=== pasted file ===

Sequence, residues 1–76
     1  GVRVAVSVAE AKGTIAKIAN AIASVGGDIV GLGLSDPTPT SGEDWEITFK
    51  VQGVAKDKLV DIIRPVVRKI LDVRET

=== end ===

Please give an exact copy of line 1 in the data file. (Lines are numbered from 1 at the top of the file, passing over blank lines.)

Sequence, residues 1–76